At this point I have now changed an oil filter housing gasket on both an E36 325i and M3, however as you can see from the parts fitment of this gasket, it will be very similar on all M50,M52,M54, S50, S52 and S54 motors. Photos will be from an M50 and S50 motors, and you may have a few additional wires or hoses to deal with on the newer motors, but the heart of this DIY remains the same. Since you will be disconnecting the alternator MAKE SURE TO DISCONNECT THE BATTERY.
- Oil Filter Housing Gasket
- 2-4 Vanos Line crush washers* 2 washers if you only want to disconnect one end of the line, 4 if you are replacing the VANOS line
- This is a good opportunity to replace your VANOS oil line as well if it is old*
- Since you have to at least loosen it, why not change your accessory belt and AC belt.
*For early E36 325i models without VANOS this isn’t necessary obviously
- 19MM Box wrench (hard to use a socket on the VANOS line)
- 10MM socket
- 13MM socket
- 16MM socket
- Socket Wrench
- T50 Torx to release the belt tensioner
M50 Accessory and AC belts
Apparently, BMW, in a ploy to make this as hard as possible (or maybe it was efficient German Engineering, you choose) made the oil filter housing also serve as the mounting bracket for the power steering pump and alternator. Consequently, you have to unbolt both of those, which means you have to take off the main accessory belt. As you can see in the photo above (which was only possible since I blew that engine and am pulling it from the car) that accessory belt is actually behind the air conditioning compressor belt, so if you want to take it all the way off, you need to pull off the AC belt first. My accessory belt was still pretty new, so I left the AC belt on and just let the accessory belt hang there. I have numbered the below copy of that photo to match my steps I have listed next.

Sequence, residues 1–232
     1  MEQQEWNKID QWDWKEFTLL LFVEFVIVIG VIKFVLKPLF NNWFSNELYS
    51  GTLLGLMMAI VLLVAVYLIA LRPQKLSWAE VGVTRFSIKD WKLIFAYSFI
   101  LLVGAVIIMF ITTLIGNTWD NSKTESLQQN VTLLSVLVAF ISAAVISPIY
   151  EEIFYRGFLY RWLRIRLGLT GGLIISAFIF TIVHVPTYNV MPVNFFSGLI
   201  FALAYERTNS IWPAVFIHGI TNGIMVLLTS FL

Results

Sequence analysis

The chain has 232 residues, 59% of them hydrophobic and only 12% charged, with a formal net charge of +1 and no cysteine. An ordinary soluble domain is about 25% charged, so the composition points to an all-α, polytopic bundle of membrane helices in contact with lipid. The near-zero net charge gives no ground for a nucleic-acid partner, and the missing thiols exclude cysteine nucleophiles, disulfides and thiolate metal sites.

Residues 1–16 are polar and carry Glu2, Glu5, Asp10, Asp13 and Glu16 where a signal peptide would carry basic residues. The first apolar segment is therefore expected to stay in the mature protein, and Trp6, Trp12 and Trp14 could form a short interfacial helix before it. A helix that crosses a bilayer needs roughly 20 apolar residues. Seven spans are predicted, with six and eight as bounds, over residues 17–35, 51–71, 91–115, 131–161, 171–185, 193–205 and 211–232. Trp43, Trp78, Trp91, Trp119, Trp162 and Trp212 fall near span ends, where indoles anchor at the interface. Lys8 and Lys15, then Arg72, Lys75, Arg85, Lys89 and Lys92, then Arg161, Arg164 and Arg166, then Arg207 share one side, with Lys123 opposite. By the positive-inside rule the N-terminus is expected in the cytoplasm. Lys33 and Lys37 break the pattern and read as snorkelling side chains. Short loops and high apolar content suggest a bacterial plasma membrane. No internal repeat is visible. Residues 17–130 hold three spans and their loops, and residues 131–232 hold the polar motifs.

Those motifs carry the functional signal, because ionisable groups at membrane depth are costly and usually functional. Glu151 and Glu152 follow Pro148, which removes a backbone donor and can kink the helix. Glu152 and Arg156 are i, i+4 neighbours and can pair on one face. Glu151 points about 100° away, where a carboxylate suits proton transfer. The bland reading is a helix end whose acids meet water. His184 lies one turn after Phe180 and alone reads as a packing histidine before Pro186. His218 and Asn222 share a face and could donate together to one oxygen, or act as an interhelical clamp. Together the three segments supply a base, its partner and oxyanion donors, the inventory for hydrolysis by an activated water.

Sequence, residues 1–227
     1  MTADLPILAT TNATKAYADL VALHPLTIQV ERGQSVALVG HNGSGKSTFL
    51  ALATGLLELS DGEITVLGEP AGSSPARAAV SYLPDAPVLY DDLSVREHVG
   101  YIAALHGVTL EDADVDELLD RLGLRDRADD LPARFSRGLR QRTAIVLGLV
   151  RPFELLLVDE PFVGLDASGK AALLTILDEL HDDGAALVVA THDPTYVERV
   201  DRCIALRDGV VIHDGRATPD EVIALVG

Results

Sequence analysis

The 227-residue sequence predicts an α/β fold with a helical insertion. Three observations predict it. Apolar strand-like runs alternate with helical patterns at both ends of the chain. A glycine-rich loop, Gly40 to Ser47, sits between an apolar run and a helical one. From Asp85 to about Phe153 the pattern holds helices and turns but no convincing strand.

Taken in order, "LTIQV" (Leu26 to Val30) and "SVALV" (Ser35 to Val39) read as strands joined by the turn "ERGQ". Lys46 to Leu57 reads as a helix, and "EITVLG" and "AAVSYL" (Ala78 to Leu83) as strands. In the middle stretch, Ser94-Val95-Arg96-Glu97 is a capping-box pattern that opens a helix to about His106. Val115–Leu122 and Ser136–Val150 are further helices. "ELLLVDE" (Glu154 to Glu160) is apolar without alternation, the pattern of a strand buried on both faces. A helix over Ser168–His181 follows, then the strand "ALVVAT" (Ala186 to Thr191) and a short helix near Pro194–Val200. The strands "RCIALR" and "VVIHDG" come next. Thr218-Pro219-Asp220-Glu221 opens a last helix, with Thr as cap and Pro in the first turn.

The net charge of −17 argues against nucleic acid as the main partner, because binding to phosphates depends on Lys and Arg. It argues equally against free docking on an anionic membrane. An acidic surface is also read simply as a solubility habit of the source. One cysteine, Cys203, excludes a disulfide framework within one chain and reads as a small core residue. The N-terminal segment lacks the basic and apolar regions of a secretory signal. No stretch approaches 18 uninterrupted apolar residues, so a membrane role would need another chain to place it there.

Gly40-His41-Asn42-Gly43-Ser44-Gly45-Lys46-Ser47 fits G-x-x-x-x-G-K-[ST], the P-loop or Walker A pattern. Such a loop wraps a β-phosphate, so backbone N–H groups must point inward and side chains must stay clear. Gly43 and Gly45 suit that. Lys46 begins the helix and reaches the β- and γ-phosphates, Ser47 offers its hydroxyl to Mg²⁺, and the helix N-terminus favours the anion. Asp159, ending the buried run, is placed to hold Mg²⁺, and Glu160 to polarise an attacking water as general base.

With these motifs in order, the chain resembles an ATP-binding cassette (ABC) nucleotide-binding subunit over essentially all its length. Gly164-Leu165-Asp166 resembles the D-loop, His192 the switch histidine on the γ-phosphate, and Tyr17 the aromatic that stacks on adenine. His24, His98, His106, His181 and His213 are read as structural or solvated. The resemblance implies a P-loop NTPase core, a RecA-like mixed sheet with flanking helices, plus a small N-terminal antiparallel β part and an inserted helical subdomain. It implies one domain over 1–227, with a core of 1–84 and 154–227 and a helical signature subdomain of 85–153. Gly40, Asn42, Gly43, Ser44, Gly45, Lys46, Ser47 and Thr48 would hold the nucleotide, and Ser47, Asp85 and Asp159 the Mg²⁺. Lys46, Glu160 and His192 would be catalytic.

Step 0 – DISCONNECT THE BATTERY! (Yes I already said it, but it is important)
1. Insert the T50 torx into the center of this pulley (it might have a plastic cap to pull off first) and push in a clockwise motion with the wrench at about 4-5 o-clock so you are pushing down-left. This will release the tension on the belt so you can pull it off the tensioner. Once it is off the tensioner, pull it off the rest of the pulleys
2. Remove the two 16MM bolts that hold the alternator to the oil filter housing. The lower has a 17MM nut on the back-side of the alternator that you need to reach down to with a box wrench to hold in place. It is tight. Once the alternator is loose, rotate it around a bit so you can get to the wires on the back and unbolt and remove those. The positive and negative terminals are different sizes so you don’t have to worry about mixing them up during re-assembly.
3. Remove the two 13MM bolts holding the power steering pump in place. There is one more bolt that attaches it to the oil pan so it isn’t going to fall on you but be careful as you remove those two bolts to make sure that other one is still attached. Remember, this is still attached to the power steering system as well.
Ok, now you are ready to tackle the main event….which is less eventful than the starting work.
4. RECOMMENDED – Remove the oil filter to let the oil mostly drain into the pan